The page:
Scotiabank’s unique niche among big five banks

Scotiabank may not benefit as much from stronger U.S. economic growth than some of its peers, but this Canadian financial stock has good potential in emerging markets.

Shares of financial stock Bank of Nova Scotia (TSX—BNS) haven’t participated as strongly as those of Bank of Montreal (TSX—BMO), for instance, in the so-called Trump rally. BMO’s stock is up nearly 20 per cent from its November lows. Scotiabank, by contrast, has climbed just over 10 per cent since then.

Maybe that’s partly because Scotiabank doesn’t have the exposure to the U.S. that BMO does. Consequently, Scotiabank doesn’t stand to benefit as much as BMO from improving U.S. economic growth. But, over the longer term, Scotiabank is well positioned to benefit from the faster-growing emerging economies in which it has invested.

Bank of Nova Scotia is Canada’s third-largest bank by market capitalization. It considers itself Canada’s international bank because it’s not only a leading financial services provider in North America, but in Latin America, the Caribbean and Central America, and Asia-Pacific as well. The bank offers a broad range of advice, products and services to its 23 million customers, including personal and commercial banking, wealth management and private banking, corporate and investment banking, and capital markets.

Q1 results lag those of peers

From an earnings standpoint, the bank’s first-quarter results were not as strong as those of its peers, coming in just a penny more than analysts had expected. Nonetheless, the results were still strong.

For the three months ended January 31, 2017, Scotiabank made $2.0 billion compared to $1.8 billion in the same period of 2016. Adjusted earnings per share were $1.58, compared to $1.44 the year before.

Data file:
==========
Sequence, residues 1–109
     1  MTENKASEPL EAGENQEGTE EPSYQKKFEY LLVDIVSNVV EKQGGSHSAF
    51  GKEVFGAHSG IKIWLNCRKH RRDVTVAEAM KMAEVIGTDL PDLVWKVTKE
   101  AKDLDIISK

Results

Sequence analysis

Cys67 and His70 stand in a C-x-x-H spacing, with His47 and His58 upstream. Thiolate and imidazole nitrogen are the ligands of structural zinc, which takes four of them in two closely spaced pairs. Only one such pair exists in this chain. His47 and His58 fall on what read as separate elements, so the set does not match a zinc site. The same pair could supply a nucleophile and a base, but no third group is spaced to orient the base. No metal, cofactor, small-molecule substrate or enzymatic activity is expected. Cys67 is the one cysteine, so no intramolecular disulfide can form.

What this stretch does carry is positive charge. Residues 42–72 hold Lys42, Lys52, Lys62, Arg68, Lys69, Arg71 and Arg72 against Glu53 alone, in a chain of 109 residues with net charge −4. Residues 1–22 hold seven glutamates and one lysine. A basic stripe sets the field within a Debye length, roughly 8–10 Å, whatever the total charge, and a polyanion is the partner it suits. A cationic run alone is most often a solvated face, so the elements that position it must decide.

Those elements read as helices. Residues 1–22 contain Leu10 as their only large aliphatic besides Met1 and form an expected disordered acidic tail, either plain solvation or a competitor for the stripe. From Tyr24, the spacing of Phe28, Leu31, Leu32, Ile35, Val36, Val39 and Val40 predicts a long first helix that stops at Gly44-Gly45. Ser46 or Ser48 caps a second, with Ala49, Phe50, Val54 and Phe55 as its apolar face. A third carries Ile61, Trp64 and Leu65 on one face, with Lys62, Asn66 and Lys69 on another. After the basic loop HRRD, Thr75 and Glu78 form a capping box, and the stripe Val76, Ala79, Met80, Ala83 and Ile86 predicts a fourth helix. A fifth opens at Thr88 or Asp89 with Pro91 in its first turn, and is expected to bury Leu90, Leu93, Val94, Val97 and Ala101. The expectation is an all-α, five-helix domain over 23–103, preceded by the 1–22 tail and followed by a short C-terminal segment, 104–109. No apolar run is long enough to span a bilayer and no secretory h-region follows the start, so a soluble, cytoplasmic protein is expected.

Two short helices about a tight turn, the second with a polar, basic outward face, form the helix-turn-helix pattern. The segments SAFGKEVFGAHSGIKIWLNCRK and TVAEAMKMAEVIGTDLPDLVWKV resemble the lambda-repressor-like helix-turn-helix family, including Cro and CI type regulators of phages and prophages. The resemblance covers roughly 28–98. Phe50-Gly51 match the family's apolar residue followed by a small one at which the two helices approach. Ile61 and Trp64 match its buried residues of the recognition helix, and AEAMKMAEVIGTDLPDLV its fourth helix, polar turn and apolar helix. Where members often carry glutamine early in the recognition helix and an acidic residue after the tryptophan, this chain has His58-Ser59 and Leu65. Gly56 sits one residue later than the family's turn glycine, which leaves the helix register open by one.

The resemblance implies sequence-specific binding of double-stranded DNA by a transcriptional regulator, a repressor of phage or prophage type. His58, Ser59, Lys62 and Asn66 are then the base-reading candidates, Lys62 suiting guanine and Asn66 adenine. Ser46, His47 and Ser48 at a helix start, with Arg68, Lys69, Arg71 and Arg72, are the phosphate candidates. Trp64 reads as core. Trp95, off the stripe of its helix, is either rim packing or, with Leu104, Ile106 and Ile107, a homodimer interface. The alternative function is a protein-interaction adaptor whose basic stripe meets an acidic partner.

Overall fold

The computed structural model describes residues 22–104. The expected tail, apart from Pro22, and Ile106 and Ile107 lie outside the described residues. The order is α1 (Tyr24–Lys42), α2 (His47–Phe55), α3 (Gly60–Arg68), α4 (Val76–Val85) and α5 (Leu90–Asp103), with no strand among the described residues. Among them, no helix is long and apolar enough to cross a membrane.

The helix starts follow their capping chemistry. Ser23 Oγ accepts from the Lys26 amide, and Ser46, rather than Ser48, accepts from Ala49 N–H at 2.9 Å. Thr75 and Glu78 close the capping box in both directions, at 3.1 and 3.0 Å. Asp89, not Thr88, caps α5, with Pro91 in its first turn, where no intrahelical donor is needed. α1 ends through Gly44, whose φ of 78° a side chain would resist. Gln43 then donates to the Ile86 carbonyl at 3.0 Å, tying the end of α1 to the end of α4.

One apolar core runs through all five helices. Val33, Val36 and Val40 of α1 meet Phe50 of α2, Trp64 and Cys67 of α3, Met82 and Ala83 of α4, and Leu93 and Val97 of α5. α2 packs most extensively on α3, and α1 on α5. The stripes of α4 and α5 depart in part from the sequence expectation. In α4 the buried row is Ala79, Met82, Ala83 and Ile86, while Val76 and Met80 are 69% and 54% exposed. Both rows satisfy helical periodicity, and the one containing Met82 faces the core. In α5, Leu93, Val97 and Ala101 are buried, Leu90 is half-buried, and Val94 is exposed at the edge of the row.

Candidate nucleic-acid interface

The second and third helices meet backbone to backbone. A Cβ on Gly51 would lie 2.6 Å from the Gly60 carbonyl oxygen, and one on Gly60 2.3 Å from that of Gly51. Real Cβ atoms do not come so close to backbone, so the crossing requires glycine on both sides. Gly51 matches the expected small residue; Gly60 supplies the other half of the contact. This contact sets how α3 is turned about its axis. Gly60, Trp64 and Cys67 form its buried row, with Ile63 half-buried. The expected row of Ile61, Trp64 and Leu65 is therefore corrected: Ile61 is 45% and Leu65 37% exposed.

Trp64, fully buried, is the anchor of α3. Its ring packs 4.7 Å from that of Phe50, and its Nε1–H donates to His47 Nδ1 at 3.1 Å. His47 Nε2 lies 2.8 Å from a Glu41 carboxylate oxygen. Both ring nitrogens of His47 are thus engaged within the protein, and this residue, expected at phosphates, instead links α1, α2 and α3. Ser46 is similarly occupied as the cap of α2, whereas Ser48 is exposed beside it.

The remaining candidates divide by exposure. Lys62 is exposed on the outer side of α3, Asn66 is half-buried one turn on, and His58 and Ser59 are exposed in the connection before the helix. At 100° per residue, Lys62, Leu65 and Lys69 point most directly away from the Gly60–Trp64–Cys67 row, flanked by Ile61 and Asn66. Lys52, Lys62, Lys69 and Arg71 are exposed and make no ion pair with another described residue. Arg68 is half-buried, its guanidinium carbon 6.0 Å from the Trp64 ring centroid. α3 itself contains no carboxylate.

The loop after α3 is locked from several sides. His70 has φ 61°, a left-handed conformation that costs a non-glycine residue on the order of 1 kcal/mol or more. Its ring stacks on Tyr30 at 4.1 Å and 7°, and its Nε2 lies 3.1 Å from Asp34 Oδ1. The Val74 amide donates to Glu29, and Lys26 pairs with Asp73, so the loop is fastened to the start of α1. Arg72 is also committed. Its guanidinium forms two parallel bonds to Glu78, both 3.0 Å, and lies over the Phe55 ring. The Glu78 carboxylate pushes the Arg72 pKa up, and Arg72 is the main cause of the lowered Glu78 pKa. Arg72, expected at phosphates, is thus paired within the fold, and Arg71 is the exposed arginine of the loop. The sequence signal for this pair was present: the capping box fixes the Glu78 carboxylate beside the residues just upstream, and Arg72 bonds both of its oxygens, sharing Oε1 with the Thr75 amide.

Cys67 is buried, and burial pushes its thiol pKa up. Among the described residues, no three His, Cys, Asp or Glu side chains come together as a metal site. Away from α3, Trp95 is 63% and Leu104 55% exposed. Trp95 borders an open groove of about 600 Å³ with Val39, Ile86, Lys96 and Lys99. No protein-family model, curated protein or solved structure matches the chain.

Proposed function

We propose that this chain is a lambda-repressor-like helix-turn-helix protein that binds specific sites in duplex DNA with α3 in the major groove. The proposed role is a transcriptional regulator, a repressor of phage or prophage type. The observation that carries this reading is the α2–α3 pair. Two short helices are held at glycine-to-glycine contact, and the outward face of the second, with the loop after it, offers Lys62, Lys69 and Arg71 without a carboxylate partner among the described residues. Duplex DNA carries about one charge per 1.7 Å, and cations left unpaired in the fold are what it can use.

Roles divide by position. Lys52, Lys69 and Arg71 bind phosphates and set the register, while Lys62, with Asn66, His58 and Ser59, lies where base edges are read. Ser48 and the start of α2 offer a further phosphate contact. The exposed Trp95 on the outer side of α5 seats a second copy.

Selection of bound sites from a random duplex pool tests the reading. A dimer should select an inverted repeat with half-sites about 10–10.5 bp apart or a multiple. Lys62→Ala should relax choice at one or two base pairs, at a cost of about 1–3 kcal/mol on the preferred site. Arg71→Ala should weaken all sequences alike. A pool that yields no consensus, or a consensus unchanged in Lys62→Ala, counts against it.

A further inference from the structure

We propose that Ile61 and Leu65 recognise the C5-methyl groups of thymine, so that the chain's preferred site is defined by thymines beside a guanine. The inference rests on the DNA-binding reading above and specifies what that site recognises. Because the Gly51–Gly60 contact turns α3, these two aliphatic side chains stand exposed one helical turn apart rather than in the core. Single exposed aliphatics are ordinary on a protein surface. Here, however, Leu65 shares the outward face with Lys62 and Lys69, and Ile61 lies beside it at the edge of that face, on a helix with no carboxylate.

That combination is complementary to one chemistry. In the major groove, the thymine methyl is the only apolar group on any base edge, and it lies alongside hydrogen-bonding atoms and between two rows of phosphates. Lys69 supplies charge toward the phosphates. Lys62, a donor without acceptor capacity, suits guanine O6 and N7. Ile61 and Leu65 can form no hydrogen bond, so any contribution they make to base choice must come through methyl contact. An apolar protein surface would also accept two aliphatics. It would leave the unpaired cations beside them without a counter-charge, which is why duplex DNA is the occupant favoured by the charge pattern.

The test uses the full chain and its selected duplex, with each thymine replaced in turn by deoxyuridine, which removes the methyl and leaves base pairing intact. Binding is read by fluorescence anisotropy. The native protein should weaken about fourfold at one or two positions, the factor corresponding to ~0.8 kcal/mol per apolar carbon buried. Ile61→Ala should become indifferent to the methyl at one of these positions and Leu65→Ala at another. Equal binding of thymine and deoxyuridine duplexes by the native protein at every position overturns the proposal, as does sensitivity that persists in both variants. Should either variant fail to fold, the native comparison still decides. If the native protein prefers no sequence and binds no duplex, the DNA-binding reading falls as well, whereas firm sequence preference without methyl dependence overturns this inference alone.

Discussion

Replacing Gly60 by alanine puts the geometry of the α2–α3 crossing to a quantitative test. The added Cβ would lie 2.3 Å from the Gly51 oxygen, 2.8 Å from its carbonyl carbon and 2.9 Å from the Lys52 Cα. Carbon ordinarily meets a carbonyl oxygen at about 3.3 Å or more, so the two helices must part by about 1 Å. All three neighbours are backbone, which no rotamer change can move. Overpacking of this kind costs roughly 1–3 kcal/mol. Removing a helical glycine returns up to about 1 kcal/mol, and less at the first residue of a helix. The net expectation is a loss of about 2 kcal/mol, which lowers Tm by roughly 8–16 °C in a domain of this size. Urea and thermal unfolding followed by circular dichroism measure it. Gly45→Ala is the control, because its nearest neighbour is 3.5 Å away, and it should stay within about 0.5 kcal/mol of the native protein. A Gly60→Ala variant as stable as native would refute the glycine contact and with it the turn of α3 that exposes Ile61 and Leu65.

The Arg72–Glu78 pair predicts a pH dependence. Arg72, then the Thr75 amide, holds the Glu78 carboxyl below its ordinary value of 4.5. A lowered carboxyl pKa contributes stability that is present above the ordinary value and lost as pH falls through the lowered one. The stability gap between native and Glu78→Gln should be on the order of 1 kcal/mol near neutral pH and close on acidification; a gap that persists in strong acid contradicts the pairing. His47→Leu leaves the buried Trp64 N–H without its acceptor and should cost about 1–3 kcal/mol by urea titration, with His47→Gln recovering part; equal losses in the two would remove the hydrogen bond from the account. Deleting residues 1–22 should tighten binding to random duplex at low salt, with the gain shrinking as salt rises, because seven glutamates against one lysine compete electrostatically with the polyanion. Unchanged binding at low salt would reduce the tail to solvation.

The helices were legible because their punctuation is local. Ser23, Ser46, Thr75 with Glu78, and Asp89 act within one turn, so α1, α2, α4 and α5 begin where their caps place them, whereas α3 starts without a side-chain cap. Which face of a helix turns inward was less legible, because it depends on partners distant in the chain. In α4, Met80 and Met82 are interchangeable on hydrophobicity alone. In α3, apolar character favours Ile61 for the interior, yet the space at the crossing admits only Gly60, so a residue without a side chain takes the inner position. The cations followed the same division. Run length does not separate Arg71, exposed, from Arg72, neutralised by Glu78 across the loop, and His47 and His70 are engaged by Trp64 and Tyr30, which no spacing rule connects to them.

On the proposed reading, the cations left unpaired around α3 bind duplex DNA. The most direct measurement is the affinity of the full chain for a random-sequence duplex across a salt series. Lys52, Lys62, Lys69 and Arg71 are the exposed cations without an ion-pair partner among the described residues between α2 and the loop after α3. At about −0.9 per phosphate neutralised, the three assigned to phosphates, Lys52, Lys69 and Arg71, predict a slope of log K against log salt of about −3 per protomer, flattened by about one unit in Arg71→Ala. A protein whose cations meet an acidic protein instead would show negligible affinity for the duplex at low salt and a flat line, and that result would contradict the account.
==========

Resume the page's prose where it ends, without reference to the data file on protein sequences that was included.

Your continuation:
Net income at the Canadian banking segment rose 12.1 per cent to $981 million, due to growth in net interest income, including a higher margin, and higher banking and wealth management revenues. The quarter also included a gain on the sale of real estate that contributed to an increase in net income of five per cent.

Net income attributable to equity holders at the international banking segment was $576 million, up 14 per cent, or 18 per cent adjusted for the impact of foreign currency translation. The increase reflected good retail loan and deposit growth, strong net interest margin and fee growth, and benefits from cost reduction initiatives.

With the release of its first-quarter results, Scotiabank announced a 2.7-per-cent increase in its quarterly dividend to $0.76 a share.

Scotiabank is unique among Canada’s big five banks in that it has substantial exposure to emerging markets through its international banking segment. This segment has generated momentum with record results in the first quarter. The bank says these results were underpinned by growth in its key Pacific Alliance countries—Chile, Columbia, Mexico and Peru. Management continues to see great potential in these countries, and if the bank does, indeed, deliver on that potential, the market could reward it by expanding the price-earnings multiple of its stock.

Scotiabank should earn $6.42 a share in fiscal 2017 (year ends October 31). The stock trades at 12.3 times that figure. The current annual dividend of $3.04 a share yields 3.9 per cent. Buy this Canadian bank stock for growth and income.

This is an edited version of an article that was originally published for subscribers in the April 21, 2017, issue of Money Reporter. You can profit from the award-winning advice subscribers receive regularly in Money Reporter.

Money Reporter, MPL Communications Inc.
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